Drone testing for Amazon has been in the works for some time, and now it looks like this might be expanding even further. Amazon has started to massively expand its testing for drone deliveries across the United Kingdom, with the hope that Brits will be able to enjoy rapid package delivery in shorter spaces of time than even their American counterparts.
This next stage in drone testing will allow Amazon to start piloting the machines beyond the line of sight of operators – a feat not allowed in the US testing. The plan is for parcels to be delivered in half an hour across the UK in the near future, trumping the speed that any American household could get the same delivery in.
Setting the Standard
The hope here is that the UK can set the standard and show other nations that drone tech does not need to be feared. The trial is hoped to be used to clearly define what kind of challenges exist in terms of logistics and using drones safely. Regulations are still being formed, hence the delays from the US and other countries, which adds even more intrigue and interest to the introduction of these regulations.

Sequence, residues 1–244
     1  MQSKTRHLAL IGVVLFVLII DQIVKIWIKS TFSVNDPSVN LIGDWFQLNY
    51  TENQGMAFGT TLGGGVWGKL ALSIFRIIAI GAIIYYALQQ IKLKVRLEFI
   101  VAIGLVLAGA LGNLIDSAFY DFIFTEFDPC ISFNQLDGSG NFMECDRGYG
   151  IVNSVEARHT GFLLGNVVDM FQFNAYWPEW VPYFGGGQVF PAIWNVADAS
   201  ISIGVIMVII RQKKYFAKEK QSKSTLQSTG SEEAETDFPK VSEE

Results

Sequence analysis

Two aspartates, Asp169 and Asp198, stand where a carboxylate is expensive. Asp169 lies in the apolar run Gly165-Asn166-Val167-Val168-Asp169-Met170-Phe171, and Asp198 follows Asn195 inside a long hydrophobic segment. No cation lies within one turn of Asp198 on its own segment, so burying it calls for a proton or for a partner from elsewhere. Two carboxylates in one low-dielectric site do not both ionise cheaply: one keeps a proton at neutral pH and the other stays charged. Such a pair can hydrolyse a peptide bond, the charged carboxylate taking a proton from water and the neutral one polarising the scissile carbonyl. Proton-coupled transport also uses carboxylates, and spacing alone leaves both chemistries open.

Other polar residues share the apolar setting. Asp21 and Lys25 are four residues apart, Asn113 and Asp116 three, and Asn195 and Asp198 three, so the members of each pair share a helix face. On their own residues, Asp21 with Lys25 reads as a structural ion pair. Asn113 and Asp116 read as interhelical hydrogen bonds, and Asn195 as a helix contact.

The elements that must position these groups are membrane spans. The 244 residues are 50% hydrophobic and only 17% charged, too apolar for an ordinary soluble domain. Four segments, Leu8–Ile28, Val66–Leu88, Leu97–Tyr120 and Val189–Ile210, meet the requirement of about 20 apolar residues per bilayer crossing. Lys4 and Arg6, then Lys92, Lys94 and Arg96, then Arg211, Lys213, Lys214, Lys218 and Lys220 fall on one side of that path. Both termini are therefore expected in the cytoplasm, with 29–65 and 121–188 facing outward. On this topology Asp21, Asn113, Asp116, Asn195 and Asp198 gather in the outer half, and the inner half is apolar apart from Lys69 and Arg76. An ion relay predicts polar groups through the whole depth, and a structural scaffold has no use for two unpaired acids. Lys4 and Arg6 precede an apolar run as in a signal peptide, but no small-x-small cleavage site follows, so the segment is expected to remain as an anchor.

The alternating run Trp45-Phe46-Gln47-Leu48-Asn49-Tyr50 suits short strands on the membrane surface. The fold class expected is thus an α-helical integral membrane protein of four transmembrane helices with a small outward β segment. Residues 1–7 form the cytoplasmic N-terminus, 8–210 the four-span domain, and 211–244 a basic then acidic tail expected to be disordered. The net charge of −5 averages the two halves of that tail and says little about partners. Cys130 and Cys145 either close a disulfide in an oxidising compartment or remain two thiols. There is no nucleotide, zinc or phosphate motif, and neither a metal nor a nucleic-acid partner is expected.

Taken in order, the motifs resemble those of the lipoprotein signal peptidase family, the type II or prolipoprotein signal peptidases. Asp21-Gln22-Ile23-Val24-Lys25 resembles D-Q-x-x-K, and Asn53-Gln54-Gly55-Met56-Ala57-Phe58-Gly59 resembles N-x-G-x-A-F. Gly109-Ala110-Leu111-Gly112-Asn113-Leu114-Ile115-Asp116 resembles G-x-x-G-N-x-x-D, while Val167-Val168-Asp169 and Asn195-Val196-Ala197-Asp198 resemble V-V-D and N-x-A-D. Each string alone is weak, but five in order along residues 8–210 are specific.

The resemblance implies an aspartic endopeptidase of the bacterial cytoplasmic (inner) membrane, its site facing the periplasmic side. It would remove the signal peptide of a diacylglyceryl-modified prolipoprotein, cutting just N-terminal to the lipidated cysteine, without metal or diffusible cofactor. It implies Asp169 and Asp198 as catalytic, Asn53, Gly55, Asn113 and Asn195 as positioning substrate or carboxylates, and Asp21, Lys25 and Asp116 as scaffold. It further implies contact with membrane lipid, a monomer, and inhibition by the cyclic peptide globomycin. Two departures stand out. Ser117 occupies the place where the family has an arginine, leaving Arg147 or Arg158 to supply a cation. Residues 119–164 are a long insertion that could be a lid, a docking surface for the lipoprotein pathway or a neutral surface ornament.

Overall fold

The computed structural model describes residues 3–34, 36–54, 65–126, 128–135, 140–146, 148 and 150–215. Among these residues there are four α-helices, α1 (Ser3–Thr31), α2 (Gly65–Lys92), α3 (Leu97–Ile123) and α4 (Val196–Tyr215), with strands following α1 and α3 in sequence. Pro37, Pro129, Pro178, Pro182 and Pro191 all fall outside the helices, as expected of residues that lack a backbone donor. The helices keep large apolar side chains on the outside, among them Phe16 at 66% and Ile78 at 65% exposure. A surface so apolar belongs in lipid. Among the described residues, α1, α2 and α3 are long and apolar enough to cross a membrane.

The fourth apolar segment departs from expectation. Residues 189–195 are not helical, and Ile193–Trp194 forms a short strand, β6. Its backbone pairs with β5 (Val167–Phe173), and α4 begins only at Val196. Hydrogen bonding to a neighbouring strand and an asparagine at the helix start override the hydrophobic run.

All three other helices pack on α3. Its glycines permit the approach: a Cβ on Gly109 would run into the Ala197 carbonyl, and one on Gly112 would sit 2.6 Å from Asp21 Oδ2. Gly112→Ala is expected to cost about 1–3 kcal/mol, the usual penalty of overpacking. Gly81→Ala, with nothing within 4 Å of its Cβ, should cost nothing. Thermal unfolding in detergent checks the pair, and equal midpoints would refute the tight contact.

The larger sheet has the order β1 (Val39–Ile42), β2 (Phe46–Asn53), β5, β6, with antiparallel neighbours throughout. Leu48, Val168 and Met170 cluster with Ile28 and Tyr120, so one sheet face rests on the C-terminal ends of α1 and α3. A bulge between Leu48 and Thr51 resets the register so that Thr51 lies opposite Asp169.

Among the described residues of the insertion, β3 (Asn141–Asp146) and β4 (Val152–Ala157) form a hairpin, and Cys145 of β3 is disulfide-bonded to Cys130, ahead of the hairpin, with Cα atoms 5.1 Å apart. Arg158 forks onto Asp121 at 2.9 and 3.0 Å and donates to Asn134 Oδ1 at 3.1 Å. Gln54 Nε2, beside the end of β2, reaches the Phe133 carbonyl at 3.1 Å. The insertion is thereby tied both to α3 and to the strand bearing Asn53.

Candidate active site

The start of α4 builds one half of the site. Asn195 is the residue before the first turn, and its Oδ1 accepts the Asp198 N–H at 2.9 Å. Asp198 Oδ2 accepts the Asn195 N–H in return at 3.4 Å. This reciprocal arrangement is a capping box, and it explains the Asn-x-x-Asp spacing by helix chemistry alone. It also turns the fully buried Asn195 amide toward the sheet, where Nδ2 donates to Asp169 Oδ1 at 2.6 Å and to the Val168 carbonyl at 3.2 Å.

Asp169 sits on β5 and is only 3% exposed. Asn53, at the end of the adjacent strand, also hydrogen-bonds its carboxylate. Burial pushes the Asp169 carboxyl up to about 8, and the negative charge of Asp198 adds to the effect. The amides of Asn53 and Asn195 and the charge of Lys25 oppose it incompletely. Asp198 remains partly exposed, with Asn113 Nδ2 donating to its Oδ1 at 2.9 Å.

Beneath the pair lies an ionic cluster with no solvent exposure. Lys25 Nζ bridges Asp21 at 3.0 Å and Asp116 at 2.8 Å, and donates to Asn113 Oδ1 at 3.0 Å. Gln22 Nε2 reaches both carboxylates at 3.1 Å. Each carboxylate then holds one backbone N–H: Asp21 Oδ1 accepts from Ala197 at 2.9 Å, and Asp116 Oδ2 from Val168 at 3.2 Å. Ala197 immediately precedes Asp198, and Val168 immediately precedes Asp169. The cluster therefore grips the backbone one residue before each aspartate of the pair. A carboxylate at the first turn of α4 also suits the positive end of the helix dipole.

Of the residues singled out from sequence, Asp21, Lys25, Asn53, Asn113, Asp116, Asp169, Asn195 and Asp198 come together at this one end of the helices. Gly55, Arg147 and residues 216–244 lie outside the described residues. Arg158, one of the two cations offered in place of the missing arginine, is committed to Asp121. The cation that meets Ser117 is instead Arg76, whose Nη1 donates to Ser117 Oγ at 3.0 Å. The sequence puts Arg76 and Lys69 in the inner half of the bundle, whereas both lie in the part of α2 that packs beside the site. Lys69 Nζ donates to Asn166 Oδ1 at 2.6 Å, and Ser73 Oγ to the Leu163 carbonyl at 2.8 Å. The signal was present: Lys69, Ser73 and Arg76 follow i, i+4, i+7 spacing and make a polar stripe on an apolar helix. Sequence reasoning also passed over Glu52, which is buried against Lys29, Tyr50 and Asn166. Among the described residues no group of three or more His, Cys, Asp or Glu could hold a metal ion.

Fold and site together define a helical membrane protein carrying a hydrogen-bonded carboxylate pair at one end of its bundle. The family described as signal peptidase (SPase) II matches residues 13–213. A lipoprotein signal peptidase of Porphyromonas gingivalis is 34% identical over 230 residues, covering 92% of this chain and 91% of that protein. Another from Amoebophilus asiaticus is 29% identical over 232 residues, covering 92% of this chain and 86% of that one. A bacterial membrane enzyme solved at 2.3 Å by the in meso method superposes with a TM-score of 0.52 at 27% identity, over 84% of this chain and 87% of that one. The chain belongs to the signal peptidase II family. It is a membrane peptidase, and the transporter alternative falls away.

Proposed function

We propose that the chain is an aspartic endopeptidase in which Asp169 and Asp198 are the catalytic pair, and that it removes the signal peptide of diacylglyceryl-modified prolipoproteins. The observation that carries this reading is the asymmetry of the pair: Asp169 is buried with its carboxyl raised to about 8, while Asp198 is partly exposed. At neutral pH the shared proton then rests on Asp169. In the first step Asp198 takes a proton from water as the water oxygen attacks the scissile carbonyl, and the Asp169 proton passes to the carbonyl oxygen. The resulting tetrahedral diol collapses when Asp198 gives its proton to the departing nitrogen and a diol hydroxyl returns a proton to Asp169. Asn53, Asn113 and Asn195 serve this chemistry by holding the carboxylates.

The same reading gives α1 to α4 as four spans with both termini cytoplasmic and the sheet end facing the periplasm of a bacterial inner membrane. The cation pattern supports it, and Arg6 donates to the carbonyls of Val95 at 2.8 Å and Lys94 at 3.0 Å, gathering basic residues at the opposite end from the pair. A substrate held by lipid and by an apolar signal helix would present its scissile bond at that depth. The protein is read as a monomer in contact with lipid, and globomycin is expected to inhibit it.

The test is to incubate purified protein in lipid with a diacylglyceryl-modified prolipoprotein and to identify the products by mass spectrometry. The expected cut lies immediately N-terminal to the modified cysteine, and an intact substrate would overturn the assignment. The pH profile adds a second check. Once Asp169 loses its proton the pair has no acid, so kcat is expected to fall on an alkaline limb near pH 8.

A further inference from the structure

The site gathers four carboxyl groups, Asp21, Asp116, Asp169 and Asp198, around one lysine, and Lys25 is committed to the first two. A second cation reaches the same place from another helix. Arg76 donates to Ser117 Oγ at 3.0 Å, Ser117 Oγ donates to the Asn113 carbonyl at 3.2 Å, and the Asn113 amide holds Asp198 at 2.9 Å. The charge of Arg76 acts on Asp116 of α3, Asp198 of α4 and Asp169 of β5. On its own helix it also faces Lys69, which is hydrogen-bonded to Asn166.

One of the major testing plans here is going to be whether or not a drone is capable of flying beyond the line of sight as stated above, but also if multiple drones can be commanded safely at once. Likewise, the plan is to test if drones are going to be capable of detecting other people, objects and also to find locations whilst dodging obstacles.
In 2013, Amazon Chief Exec. Jeff Bezos claimed that regulation was going to be the major obstacle to drone-based delivery. With this newest advancement in the creation and management of laws, though, it’s hoped that this will change fairly rapidly. Constant debates and arguments in the US Senate have repeatedly held back progression, with a March 2015 hearing being a specific flashpoint.
By the time regulations on certain drone volumes were being approved, the drones themselves were already surpassed on the market. Now, these constant delays and problems have seen Amazon move their operations to Canada, the Netherlands, and Britain. British advancements such as this, though, puts them at the front of the queue for further development and a stronger relationship with Amazon moving forward.
Amazon has been in a war of words for some time now with the US, claiming to have broken through the safety issues that held back drone tech in the past. Although they plan to keep pushing for approval in the States, it’s estimated that this will take at least another couple of years to pull off accordingly.
However, for the time being, it would be logical to presume that most drone developments – at least for Amazon – is going to come from using these tests from the UK. Perhaps this could be the beginning of advanced drone mailing order services finally being permitted to come to life.